The Signage, within a short span of three years, has established its reputation among the academia, as a distinct journal of education and social sciences. Now it is being well received by a large galaxy of professional researchers, educators, social scientists and educational activists across the country. The editorial board of the journal decided to bring out a special issue on educational policy and its implications in different sectors of education and the board has assigned me the task to edit the special issue. I accepted the responsibility reluctantly only after getting the assurance of all supports and helps from the regular editor. I don’t have any hesitation to say that the present volume in your hand is the outcome of untiring efforts and academic zeal of the regular editor of the Signage.

Education in general and formal education, in particular, has to travel a long journey in transforming its character from a privilege to a need and so a right for everyone. In the context of education it was an extraordinary historical event for the mankind when under the article9 of the UN Declaration of Human Right, education was included as a right. Today education is no more a privilege for a few or a liability but it is indispensable for everyone. Thanks to technology that humans have overcome to their two greatest limitations viz, time and space this has made the world not only very compact but human societies more interdependent and interrelated with each other and therefore survival and growth of any society, no matter how remote it is, is almost without imagination. There was a time when information was scarce but with the advent of ICT through one click we have access to ten thousand references and so we are living in an age where information is abundant. We have entered into a new era where a new economic order has emerged and terms like ‘Knowledge Economy’ and ‘Knowledge Society’ entered into our working vocabulary. In a knowledge society, Knowledge became the most important capital and that can be treated as a business product having a potential to give the high-value return. In a Knowledge-driven economy, a knowledgeable human resource is accepted as the most powerful tool for prosperity and well-being of the people. All these development at global stage has brought the education at front seat and education and schooling are no longer considered to be an act of a few to utilize their free time in intellectual hedonism.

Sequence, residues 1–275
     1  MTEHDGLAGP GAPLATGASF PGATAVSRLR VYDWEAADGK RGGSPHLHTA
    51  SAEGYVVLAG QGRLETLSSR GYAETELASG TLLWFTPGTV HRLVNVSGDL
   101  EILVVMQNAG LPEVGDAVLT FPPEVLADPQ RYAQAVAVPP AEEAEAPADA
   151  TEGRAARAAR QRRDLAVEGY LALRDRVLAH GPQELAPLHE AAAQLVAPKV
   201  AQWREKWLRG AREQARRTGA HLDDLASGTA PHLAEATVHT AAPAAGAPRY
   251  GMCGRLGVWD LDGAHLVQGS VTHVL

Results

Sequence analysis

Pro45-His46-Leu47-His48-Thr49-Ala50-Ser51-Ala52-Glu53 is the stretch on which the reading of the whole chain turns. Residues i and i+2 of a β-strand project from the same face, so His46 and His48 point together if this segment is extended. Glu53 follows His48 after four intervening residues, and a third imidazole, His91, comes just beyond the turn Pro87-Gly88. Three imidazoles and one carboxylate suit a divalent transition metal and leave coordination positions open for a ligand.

A number of scholars across their disciplinary affiliation have highlighted the new challenges and new stresses that the present century (21st century) has brought in its fold. For example, in the words of Bernett (2000) we are living in the age of super complexity and by super complexity, he doesn’t mean merely complexity of higher order but the simultaneous existence of many frameworks of meaning. Similarly, the third industrial revolution brought some radical changes and more uncertainties. Kimon Valaskakis is aptly right when he describes the present society as’ We live in a most interesting and most dangerous period marked by dualities and paradoxes’. It is a known fact that we are the citizen of the world which is healthier, richer, more educated and more empowered but on the other hand, we are more stressed people living in a more corrupt world, spending more for war and violence against humanity particularly against marginalized, women and minorities. The statistics available both at global and national level support this fact.

In this backdrop of international scenario now look at some distinctive features of our own country. According to the population estimate based on 2011 census, India has the population of about1.34 billion populations, constituting 17.85 of % of world population. Out of which, more than 50% of the population is below the age of 25 years and over 65 % of Indian population is below the age of 35 years whereas only 9% of the population is above the age of 65 years. These figures highlight a very distinctive feature of India that it is a very young nation and it is going to be younger in near future when compared with other developed countries as indicated by the average age of the many states. However, this advantageous position of India can be fruitful only if this human taskforce is transformed into an intellectual capital through proper education.